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University of Ingolstadt

The University of Ingolstadt was founded in 1472 by Louis the Rich, duke of Bavaria at the time. The university was modeled after the University of Vienna, and had as its chief goal the propagation of the Christian faith. The university closed its doors in May of 1800, by order of the elector Maximilian IV (later Maximilian I, King of Bavaria).

Table of contents
1 Pre-Reformation
2 The Reformation and its Aftermath
3 The End of the University


In its first several decades, the university grew rapidly, opening colleges not only for philosophers from the realist and nominalist schools, but also for poor students wishing to study the liberal arts. Among its most famous instructors in the late 1400s were the poet Conrad Celtes, the Hebrew scholar Johannes Reuchlin, and the Bavarian historian Johannes Thurmair (also known as "Aventinus").

The Reformation and its Aftermath

The Lutheran movement took an early hold in Ingolstadt, but was quickly put to flight by one of the chief figures of the Counter-Reformation: Johann Eck, who made the university a bastion for the traditional Catholic faith in southern Germany. In Eck's wake, many Jesuits were appointed to key positions in the school, and the university, over most of the 1600s, gradually came fully under the control of the Jesuit order. Noted scholars of this period include the theologian Gregory of Valentia, the astronomer Christopher Scheiner (inventor of the helioscope), and the poet Jacob Balde.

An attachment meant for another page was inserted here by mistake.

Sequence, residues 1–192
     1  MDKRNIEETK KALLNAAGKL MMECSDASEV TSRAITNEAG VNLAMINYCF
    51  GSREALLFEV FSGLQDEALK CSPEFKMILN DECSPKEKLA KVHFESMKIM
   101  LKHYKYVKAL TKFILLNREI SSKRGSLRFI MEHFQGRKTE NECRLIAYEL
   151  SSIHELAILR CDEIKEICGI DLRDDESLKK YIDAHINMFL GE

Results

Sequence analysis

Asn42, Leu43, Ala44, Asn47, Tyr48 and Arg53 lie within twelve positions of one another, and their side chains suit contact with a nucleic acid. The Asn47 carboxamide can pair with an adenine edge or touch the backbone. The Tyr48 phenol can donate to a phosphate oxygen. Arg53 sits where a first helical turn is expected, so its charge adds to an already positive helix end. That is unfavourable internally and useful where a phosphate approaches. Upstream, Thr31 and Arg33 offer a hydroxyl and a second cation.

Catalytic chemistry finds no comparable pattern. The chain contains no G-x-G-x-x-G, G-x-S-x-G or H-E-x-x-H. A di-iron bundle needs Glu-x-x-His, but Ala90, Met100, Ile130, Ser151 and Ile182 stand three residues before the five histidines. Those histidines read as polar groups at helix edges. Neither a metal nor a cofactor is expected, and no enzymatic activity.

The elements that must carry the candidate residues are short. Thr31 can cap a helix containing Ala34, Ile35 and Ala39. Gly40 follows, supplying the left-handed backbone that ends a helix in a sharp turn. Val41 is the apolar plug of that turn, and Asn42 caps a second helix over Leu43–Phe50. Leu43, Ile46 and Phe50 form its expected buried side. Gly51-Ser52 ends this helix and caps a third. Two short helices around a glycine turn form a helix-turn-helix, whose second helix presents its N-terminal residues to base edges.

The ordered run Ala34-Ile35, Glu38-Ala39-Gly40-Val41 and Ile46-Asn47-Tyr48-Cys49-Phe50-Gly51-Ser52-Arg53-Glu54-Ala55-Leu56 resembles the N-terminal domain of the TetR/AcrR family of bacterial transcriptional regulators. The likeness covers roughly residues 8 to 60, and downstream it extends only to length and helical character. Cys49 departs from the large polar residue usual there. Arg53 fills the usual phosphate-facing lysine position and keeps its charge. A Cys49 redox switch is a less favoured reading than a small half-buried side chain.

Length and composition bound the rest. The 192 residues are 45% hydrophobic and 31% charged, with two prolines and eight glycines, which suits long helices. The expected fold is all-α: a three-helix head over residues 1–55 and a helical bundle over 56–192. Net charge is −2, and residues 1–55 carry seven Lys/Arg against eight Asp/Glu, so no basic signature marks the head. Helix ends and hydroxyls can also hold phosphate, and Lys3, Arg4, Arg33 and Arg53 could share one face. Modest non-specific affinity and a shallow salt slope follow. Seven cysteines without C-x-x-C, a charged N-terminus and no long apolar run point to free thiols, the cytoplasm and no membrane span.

The End of the University

The 1700s gave rise to the Enlightenment, a movement that was opposed to the church-run universities of which Ingolstadt was a prime example. The Jesuits gradually left the university as it sought to change with the times, until the university finally had become so secular that the greatest influence in Ingolstadt was Adam Weishaupt, founder of the secret society of the Illuminati. On November 25, 1799, the elector Maximilian IV announced that the university's depleted finances had become too great a weight for him to bear: the university would be moved to Landshut as a result. The university finished that year's school term, and left Ingolstadt in May of 1800, bringing to a quiet end the school that had, at its peak, been one of the most influential and powerful institutes of higher learning in Europe.

See also: Ludwig-Maximilians-Universität München